In all of London, it seems like the skyline of the Square Mile changes the most. The City is never without its sky-high construction cranes – and in the next few years it’s set to change even more. Recently at Time Out we’ve covered how the City will have 11 more skyscrapers by 2030 and how it’ll soon have one of Europe’s tallest towers.
And now yet another tower is set for the City. A huge 23-storey, £500 million building was approved by the City of London Corporation last week.
The project is called 55 Old Broad Street and it isn’t so much an entirely new building as a redevelopment. Designed by Fletcher Priest Architects, it’ll involve building upon an existing 1970s office block and replacing its ground floor, though two basement levels are set to be retained.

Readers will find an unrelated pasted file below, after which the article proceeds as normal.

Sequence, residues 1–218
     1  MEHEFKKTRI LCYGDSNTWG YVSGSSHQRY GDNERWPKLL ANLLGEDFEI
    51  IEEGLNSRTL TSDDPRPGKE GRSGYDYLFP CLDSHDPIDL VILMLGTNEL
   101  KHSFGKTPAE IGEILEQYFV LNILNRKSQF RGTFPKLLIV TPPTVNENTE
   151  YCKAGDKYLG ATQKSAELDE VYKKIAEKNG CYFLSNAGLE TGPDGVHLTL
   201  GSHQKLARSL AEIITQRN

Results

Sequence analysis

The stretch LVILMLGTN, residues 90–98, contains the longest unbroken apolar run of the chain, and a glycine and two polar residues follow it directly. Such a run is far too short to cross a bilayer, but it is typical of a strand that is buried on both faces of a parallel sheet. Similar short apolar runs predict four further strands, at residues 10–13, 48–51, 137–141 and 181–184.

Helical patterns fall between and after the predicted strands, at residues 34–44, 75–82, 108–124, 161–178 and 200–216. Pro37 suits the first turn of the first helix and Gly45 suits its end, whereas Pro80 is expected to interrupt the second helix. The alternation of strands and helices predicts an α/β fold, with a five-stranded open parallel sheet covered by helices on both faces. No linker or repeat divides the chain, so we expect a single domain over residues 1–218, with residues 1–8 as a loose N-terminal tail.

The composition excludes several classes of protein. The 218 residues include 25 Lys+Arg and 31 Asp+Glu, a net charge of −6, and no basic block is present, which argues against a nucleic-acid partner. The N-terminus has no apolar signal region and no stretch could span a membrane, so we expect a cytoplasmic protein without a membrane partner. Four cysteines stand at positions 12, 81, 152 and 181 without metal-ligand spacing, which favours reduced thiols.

When finished, 55 Old Broad Street will have a whopping 270,000 square feet of office space, with a façade designed with stuff like natural ventilation and ‘low embodied carbon optimized solar shading’ (us neither, tbh) that’ll apparently last for 100 years.
Here are a few renders of what the finished 55 Old Broad Street project will look like.
It’s worth noting, however, that the project isn’t entirely uncontroversial. The plans apparently received 352 objection letters, many of which concerned the height of the building, as well as how it may tower over nearby Grade II-listed Victorian baths and intrude on views of St Paul’s Cathedral.
55 Old Broad Street isn’t the only controversial re/development proposed for the City. Liverpool Street station’s makeover has proven similarly unpopular with conservationists.
Did you see that G-A-Y is closing its iconic club for good next month?
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